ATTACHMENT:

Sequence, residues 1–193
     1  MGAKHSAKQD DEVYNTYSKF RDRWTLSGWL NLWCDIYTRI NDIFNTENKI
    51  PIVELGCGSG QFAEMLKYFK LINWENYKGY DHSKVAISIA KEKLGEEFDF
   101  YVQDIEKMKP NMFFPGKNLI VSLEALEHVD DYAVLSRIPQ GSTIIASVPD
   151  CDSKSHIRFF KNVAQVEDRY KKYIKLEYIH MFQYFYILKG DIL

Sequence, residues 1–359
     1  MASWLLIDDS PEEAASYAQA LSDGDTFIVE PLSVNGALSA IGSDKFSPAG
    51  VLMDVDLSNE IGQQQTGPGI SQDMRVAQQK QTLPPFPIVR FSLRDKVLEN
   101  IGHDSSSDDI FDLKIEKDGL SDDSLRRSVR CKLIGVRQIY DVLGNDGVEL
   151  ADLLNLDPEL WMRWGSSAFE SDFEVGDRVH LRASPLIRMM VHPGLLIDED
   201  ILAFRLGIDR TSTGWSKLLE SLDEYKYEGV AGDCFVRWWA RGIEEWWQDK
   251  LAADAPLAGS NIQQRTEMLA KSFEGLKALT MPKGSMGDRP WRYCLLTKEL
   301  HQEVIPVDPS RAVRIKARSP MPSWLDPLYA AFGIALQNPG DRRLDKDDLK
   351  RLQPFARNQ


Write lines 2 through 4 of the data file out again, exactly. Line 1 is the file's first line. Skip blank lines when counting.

     1  MGAKHSAKQD DEVYNTYSKF RDRWTLSGWL NLWCDIYTRI NDIFNTENKI
    51  PIVELGCGSG QFAEMLKYFK LINWENYKGY DHSKVAISIA KEKLGEEFDF
   101  YVQDIEKMKP NMFFPGKNLI VSLEALEHVD DYAVLSRIPQ GSTIIASVPD